The National ATM Council Inc. and 13 independent ATM operators will get their day in court with Visa Inc., Mastercard and assorted card-issuing banks. The U.S. Supreme Court's Nov. 17, 2016, reversal of the defendants' appeal will enable the class action lawsuit to be tried in Washington, D.C.'s Federal District Court.
NAC and ATM operators seek injunctive relief and illumination of rules related to debit card network pricing. Plaintiffs are challenging current pricing mechanisms that Visa, Mastercard and affiliated issuing banks use for setting ATM access fees, claiming the schemes are both anticompetitive and a form of price fixing.
"The crux of the Plaintiff's complaints is that when someone uses a non-bank ATM, the cardholder pays a greater fee and the ATM operator earns a lower return on each transaction because of Visa and Mastercard rules," wrote Circuit Court Judge Robert Wilkins in an August 2015 ruling that was later appealed. "These rules prohibit differential pricing based on the cost of the network that links the ATM to the cardholder's bank."
Bruce Renard, Executive Director at NAC, is confident the case will stand on its own merits, following five years of delays. "NAC is genuinely pleased with the order of summary dismissal issued yesterday by the United States Supreme Court," he said. "The anti-competitive rules at issue have protected Visa and Mastercard from competition for network services at retail ATMs, with the result that consumers have been paying inflated prices for using ATMs, and fewer ATMs were deployed than otherwise would have been the case."
NAC and 13 additionally named plaintiffs filed the original complaint in 2011 against what they deemed to be high-priced ATM fees; two similar but isolated consumer class actions were also filed during the same period against major U.S. banks. The card brands and banks questioned the cases' legal merits, leading the D.C. Federal District Court to dismiss all three proceedings.
NAC successfully appealed the District Court's dismissal in 2013, winning reinstatement of the case at the U.S. Circuit Court in 2015. The Circuit Court ruled unanimously in NAC's favor, setting a trial date with D.C. District Court Judge Richard Leon. Visa, Mastercard and affiliated banks fought to dismiss the case, escalating the issue to the U.S. Supreme Court.
The Supreme Court reviewed the defendants' formal brief on Nov. 16, 2016, and dismissed it the following day. The precedent-setting decision from the nation's highest court has set the stage for all parties to legally debate the merits and legality of debit network rules and pricing.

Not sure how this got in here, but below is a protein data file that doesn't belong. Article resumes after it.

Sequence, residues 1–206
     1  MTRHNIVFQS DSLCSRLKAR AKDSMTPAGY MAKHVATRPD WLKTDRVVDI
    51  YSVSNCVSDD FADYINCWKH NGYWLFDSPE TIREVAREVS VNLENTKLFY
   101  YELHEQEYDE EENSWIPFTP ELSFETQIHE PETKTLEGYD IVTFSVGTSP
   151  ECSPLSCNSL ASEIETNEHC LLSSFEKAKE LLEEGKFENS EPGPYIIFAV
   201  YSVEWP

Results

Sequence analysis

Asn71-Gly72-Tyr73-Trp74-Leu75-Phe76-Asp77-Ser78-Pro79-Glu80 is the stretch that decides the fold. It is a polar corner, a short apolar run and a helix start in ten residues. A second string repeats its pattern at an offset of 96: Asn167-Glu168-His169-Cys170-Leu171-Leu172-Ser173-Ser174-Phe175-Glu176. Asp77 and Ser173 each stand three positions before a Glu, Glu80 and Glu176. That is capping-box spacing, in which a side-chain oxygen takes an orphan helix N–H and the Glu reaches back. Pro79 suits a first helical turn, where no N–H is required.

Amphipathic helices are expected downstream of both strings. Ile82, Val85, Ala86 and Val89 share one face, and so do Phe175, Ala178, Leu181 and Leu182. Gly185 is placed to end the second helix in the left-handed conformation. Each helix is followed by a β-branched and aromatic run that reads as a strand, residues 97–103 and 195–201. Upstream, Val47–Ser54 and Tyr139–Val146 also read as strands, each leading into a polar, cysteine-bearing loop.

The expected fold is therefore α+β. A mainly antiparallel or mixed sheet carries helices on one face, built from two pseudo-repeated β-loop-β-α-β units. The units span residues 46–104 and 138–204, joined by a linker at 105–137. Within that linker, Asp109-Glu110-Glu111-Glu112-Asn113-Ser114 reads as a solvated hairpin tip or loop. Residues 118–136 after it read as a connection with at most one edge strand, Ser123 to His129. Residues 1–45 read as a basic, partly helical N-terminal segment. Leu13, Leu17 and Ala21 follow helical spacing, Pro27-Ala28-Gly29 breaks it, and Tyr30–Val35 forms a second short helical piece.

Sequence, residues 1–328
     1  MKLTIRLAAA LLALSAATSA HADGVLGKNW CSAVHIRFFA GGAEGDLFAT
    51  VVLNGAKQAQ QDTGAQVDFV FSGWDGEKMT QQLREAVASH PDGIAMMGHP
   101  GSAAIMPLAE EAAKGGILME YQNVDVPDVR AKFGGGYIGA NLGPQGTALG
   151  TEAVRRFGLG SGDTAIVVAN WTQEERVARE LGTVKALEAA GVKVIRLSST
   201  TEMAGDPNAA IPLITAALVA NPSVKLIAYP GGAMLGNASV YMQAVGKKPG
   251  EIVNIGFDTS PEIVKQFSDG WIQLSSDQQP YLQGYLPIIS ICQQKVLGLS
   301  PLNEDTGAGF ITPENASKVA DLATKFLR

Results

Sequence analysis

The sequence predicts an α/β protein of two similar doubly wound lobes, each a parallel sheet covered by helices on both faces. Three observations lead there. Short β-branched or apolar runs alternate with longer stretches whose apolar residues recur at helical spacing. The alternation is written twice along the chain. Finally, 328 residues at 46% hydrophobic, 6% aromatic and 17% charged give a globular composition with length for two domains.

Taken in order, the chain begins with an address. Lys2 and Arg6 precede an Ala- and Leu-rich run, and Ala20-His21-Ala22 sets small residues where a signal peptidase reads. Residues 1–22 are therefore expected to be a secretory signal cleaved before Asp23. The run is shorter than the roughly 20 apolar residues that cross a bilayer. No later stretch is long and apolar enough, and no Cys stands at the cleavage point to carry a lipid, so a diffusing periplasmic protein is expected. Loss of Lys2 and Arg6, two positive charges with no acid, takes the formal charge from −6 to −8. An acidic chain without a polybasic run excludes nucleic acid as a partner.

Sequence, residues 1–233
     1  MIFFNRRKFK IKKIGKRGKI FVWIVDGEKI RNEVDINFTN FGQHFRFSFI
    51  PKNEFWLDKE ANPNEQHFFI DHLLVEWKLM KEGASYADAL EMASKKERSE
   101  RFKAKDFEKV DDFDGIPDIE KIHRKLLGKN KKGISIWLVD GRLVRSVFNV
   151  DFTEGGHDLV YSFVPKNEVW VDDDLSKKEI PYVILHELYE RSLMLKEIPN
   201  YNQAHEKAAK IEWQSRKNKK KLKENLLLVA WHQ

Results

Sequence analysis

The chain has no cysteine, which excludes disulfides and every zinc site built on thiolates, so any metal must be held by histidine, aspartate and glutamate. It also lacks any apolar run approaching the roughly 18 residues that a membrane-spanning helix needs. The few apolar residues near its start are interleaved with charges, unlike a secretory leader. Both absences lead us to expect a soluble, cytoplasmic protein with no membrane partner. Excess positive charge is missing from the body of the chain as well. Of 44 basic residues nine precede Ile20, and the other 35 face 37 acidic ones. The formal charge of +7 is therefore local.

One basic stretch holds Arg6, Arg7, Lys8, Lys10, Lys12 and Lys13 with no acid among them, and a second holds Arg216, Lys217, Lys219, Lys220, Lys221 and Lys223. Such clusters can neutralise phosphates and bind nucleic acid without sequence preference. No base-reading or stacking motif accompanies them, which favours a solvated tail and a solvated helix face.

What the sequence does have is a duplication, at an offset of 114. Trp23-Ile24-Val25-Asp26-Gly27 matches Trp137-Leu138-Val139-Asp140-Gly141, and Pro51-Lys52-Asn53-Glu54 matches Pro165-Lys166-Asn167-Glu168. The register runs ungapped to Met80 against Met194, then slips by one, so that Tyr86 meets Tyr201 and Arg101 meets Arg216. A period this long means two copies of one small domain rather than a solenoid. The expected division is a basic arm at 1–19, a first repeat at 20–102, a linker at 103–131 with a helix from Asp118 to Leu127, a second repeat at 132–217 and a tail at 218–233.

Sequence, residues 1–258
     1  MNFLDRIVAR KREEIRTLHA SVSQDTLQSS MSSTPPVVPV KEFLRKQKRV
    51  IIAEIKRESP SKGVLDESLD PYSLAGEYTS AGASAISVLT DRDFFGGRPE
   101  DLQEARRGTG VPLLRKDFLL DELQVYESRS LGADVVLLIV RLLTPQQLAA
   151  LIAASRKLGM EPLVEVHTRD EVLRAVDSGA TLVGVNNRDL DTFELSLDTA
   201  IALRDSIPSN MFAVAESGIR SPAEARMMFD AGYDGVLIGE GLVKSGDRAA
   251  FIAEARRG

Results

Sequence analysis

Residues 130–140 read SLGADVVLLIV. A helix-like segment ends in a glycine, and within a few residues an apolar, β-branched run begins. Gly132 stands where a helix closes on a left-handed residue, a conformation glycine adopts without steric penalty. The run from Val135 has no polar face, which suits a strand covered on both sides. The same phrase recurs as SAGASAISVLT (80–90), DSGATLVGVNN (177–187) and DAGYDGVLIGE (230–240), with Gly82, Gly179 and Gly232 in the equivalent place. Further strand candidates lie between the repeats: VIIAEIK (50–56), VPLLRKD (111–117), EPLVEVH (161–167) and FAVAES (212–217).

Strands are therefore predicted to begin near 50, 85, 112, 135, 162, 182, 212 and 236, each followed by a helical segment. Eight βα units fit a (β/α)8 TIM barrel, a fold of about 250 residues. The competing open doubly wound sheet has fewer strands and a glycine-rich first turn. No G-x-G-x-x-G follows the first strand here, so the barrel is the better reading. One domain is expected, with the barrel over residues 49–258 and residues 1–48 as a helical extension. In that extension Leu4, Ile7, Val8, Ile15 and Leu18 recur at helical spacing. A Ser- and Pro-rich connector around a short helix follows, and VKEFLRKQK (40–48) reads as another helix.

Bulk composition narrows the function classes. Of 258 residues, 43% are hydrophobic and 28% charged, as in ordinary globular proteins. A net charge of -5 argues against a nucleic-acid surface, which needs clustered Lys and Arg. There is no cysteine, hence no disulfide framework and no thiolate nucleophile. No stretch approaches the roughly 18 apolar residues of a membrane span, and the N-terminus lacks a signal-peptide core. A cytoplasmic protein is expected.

"It's a small victory for the little guy, specifically the ATM operators, and most importantly the consumers, against a very big Goliath," stated George Sarantopoulos, founder and CEO of Brooklyn, N.Y.-based Access One ATM and incoming NAC Board Chair. "Victories like this make you believe in the system again."
Outgoing NAC Board Chair Bonnie Dalrymple noted the vital role independent ATM providers play in making cash available, particularly in urban and rural areas that exist outside national bank footprints. She and NAC board members remain cautiously optimistic about the upcoming trial. "Yesterday's Supreme Court's ruling is a real step forward for the interests of U.S. retail ATM entrepreneurs and the continued widespread access to cash for consumers throughout our nation," she said.
NAC and its supporters are hopeful the lawsuit will resolve irregularities in ATM pricing for transactions processed on lower-cost debit card networks. Charging the same fees for transactions that ride traditional card brand rails as those processed outside of Visa and Mastercard networks amounts to price fixing, some ATM deployers have claimed.
Opponents of uniform pricing across all ATM networks allege the practice unfairly restricts trade and violates the Sherman Anti-Trust Act of 1890, legislation intended to outlaw monopolistic business practices. The card brand networks are preventing independent ATM operators from earning more for debit card transactions routed on lower-cost networks that are not connected to Visa and Mastercard networks, the plaintiffs stated.
"That mandate is the essence of the litigation and the basis for our argument," Renard said. "NAC opposes charging disproportional access fees to end users." NAC, a not-for-profit national trade association, represents the business interests of ATM owners, operators and suppliers.
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